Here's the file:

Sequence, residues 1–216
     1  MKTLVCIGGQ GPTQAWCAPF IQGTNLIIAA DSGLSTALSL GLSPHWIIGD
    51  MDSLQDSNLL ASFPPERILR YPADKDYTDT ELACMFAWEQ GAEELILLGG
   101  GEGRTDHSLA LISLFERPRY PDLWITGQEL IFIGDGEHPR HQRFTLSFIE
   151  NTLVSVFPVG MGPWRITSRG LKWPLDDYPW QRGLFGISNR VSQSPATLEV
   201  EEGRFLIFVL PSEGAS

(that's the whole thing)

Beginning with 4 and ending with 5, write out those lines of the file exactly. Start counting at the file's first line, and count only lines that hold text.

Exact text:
   101  GEGRTDHSLA LISLFERPRY PDLWITGQEL IFIGDGEHPR HQRFTLSFIE
   151  NTLVSVFPVG MGPWRITSRG LKWPLDDYPW QRGLFGISNR VSQSPATLEV